Deworming

equine weight loss, weight loss in horse, poor quality horse feed, low quality horse feed, equine parasite, equine lameness, equine disease, equien obesity, equine gastric ulcers, equine infectious anemia, equine diarrhea, equine cancer, equine lawsonia, equine liver disease, equine kidney disease, equine dental problems

Equine weight loss is simply a result of more calories being used by the body than are being consumed. There are several potential causes of chronic weight loss in horses. These causes include poor quality or limited feed supply, health and disease problems, as well as social interaction and competition among horses. Chronic equine weight loss can also be the result of starvation. Equine starvation can be caused by intentional neglect, ignorance, economic hardship of owner, disease, dentition, pecking order, parasites, or seasonal variation in availability of pasture. Remarkably, horses can survive chronic weight loss.

A Billion Reasons to Manage Your Pastures

By John Byrd, DVM - One high-shedder horse can drop 6+ billion eggs that have the potential to become infective larvae in a pasture over a year’s time. One low-shedder horse can drop 1.5+ billion eggs that have the potential to become infective larvae in a pasture over a year’s time. All other shedders fall somewhere in between. Managing parasites in one horse starts with managing the parasite load of the herd, and managing the parasite load in the herd means managing the pastures.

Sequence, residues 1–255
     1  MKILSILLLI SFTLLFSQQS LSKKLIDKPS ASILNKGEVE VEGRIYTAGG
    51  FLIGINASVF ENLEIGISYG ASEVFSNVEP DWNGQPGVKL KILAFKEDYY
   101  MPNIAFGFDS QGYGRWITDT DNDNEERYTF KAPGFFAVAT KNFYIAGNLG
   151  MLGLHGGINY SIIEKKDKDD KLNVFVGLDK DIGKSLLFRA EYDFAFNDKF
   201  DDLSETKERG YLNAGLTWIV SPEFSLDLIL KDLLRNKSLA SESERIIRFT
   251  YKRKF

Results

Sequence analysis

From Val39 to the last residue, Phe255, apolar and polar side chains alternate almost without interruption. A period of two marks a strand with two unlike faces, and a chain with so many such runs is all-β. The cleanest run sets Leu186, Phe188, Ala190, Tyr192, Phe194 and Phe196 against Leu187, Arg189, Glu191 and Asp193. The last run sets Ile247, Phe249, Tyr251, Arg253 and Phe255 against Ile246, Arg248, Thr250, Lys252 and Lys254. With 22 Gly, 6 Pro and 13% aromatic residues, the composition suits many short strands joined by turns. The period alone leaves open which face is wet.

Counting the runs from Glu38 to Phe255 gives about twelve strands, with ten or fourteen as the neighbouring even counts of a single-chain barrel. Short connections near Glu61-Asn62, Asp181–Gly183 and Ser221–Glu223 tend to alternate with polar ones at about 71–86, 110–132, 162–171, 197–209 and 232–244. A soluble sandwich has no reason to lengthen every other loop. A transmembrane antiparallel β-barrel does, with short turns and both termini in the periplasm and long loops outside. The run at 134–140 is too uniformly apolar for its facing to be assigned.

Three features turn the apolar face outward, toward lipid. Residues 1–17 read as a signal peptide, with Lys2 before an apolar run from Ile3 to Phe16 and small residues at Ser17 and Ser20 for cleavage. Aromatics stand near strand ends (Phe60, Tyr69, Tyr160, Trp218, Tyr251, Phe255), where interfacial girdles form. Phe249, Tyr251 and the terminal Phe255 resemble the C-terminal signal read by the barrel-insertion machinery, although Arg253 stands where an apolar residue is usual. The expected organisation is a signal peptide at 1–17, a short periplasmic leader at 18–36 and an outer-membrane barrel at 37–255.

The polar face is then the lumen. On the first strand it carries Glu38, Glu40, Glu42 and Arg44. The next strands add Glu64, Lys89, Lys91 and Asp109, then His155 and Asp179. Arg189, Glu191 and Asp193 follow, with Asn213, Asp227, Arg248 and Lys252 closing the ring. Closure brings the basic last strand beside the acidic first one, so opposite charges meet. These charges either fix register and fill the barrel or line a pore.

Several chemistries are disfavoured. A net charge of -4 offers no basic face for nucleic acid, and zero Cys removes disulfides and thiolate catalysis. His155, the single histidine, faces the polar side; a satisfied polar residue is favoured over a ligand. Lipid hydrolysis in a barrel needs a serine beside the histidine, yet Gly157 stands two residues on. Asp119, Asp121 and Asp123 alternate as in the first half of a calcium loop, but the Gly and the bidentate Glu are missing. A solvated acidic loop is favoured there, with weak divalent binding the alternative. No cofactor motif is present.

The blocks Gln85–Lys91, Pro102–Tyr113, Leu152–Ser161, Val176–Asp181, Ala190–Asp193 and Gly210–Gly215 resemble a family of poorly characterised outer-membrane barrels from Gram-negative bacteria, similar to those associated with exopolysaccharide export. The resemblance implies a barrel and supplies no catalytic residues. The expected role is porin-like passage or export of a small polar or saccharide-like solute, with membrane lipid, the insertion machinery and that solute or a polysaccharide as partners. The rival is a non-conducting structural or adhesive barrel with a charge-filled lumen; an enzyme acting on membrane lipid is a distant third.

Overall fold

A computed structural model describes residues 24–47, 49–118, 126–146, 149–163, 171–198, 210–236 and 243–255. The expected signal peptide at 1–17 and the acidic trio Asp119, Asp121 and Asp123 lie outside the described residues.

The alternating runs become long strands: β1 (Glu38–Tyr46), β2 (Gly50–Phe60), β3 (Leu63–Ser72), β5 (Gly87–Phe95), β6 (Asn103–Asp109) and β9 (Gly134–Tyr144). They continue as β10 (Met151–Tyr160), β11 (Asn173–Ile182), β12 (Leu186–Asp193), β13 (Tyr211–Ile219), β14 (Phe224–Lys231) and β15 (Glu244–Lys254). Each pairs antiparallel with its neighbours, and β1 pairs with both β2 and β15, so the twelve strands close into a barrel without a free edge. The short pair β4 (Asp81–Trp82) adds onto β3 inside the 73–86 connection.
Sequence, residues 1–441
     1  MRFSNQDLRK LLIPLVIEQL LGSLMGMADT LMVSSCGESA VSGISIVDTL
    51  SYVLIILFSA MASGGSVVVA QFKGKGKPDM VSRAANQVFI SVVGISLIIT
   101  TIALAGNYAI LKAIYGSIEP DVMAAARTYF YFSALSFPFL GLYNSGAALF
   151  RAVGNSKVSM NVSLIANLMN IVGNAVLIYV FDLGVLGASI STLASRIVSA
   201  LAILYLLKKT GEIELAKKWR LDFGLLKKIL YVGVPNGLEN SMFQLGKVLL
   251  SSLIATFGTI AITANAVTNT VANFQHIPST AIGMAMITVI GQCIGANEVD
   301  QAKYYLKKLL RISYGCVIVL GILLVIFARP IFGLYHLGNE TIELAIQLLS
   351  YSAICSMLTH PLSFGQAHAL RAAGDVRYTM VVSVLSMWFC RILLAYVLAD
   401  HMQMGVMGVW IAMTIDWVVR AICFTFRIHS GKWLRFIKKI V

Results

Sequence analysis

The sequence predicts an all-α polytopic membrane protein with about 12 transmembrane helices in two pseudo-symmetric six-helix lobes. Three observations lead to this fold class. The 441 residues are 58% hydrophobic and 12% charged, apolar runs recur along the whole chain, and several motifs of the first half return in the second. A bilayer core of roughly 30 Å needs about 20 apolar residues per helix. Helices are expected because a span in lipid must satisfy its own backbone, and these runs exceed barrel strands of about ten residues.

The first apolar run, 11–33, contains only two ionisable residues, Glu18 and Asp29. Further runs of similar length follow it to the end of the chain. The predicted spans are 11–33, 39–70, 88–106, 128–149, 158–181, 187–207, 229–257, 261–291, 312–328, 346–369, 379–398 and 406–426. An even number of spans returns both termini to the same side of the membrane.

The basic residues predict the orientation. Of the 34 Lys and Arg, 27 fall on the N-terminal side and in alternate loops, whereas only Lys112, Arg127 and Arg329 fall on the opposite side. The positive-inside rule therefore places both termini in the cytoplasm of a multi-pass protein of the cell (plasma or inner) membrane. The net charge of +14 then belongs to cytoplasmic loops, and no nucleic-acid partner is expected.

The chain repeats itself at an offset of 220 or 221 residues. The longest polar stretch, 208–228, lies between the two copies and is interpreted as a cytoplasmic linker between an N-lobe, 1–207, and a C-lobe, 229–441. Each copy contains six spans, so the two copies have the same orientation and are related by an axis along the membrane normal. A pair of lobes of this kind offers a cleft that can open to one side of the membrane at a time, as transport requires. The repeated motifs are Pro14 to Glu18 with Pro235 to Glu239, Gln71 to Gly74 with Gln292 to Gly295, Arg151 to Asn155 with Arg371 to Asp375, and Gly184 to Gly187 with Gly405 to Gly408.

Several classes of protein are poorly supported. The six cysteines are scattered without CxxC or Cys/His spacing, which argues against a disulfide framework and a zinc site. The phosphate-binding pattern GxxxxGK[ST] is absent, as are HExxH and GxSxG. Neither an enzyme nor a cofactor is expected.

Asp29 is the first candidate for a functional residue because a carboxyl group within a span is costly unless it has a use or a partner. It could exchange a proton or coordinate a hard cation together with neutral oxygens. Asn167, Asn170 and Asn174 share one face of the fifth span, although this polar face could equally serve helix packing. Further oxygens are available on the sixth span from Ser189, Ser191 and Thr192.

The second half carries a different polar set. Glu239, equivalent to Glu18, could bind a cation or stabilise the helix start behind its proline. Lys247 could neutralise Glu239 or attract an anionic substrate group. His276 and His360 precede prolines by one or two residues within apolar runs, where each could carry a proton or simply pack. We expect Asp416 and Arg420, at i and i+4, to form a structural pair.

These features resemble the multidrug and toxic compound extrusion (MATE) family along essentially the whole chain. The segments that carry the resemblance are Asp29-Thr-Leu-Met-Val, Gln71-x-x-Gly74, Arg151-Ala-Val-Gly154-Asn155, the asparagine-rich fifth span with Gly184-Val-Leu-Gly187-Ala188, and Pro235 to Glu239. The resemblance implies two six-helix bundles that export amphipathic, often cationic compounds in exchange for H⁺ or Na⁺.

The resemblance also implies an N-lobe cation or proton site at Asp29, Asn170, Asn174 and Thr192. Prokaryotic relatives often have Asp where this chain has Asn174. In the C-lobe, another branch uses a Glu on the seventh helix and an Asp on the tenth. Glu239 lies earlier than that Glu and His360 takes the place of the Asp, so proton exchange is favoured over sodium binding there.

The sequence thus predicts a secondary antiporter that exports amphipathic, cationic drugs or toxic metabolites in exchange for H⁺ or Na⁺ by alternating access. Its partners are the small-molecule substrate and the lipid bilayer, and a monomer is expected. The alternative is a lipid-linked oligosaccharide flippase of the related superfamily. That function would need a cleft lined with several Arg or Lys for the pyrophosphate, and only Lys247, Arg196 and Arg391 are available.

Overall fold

How to Collect Manure for a Fecal Egg Count

By Jackie Bellamy - When a growing resistance to dewormers is cited as a major issue concerning horse owners today, a fecal exam to see if your parasite control program is working makes sense. Collecting a manure sample is easy, but it must be done properly to ensure accurate test results.

Deworming Strategies for Healthier Horses

Contributed by Washington State University - Deworming is an essential part of good horse husbandry. Due to the variety of products on the market, however, it can be confusing for horse owners to know which products to use and how often. With a veterinarian’s guidance and a little knowledge of common equine parasites and how to best target them, owners can easily devise a deworming schedule that best suits their horses.

Parasite Resistance

Still treating today's parasites based on yesterday's calendar? In the world of human medicine, you’ve likely heard about concerns of bacteria becoming increasingly resistant to antibiotics. Well, a similar theory applies to horses and parasites. Over the years, parasites have developed resistance to certain commonly used anthelmintic classes.

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